“Which our clients, that’s what they like,” Heather added. “They love being able to grab their whatever and take it to the office, and a lot of times we deliver more than once a week, so the food is always fresh.”
Currently, they have 10 regular clients, Heather estimated, along with a few more folks who order a bit more sporadically.
Setting up to serve food around town has been a boon for them as well, Heather said, as they’ve drawn in new customers who become repeat visitors.
Because they never planned to solely rely on dine-in customers, the couple said that may have further insulated them from the worst of the struggle that is facing the restaurant industry.
“For us, that’s making our business,” Heather said of their other offerings. “We never really wanted to be a full-service, sit-down restaurant. We wanted a place to meet with clients to do catering and parties. That was another big thing: We wanted to come to your home to do parties and prep for small, intimate gatherings, but because of COVID we had to change our game plan a little bit.”
“I needed a catering kitchen to meet out of and a place to meet with clients,” John said. “I do restaurant consulting as well, and sometimes it’s difficult to go into someone else’s restaurant and have a candid meeting about issues that they’re facing when the entire staff knows why you’re there. … Sometimes it’s easier for the client to come here and have a little more privacy, speak a little more freely than they could in their establishment.”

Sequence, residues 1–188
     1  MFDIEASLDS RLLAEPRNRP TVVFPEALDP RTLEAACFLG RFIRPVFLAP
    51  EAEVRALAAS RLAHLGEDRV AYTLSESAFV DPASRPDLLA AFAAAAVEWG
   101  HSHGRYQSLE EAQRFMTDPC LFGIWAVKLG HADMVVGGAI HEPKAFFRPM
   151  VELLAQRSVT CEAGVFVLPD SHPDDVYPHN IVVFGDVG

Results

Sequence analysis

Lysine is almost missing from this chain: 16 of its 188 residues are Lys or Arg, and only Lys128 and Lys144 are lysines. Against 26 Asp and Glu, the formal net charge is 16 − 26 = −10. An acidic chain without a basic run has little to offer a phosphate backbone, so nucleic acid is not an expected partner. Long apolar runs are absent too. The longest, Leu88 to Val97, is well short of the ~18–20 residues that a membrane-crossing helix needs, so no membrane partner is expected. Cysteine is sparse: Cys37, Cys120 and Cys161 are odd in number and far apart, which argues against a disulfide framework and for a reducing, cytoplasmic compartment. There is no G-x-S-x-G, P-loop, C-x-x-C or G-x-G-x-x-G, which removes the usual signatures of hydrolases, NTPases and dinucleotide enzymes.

Even before the pandemic took hold, John said, flexibility was one of the keys to industry success.
“You’re at the whim of your clients and what their needs are,” John. “You never know what you’ll have to do.”
Heather noted that while businesses have begun to reopen under public health guidelines and customers have come out accordingly, it’s still difficult to gauge what their traffic will be like. For example, she said, for “weeks and weeks and weeks,” Friday evenings were relatively slow, but Friday last week was abnormally busy. Saturday, normally their busiest, instead ended up being slow.
The fare at Mise En Place tends toward fine dining. John is classically trained in French cuisine, and while there’s certainly a strong French inspiration, Heather said, that isn’t solely what they serve.
“We do so many other things, smoking barbecue and things that have made us very popular for lunch and stuff,” she said.
Their menu changes consistently. Recent offerings have ranged from frog legs that were marinated in tarragon, champagne vinegar and garlic oil before being pan-fried in chickpea flour and paired with corn foam and wilted spinach, to a 14-oz New York strip steak hand-cut by John and topped with local chanterelle mushrooms and ramp butter with sweet potatoes and veggies on the side.
While it is not wholly farm-to-table, Heather said, they do try to source their produce as locally as possible, as often as possible. Some of the ingredients they use are relatively obscure for the region, or if available, hard to locate to their high standards.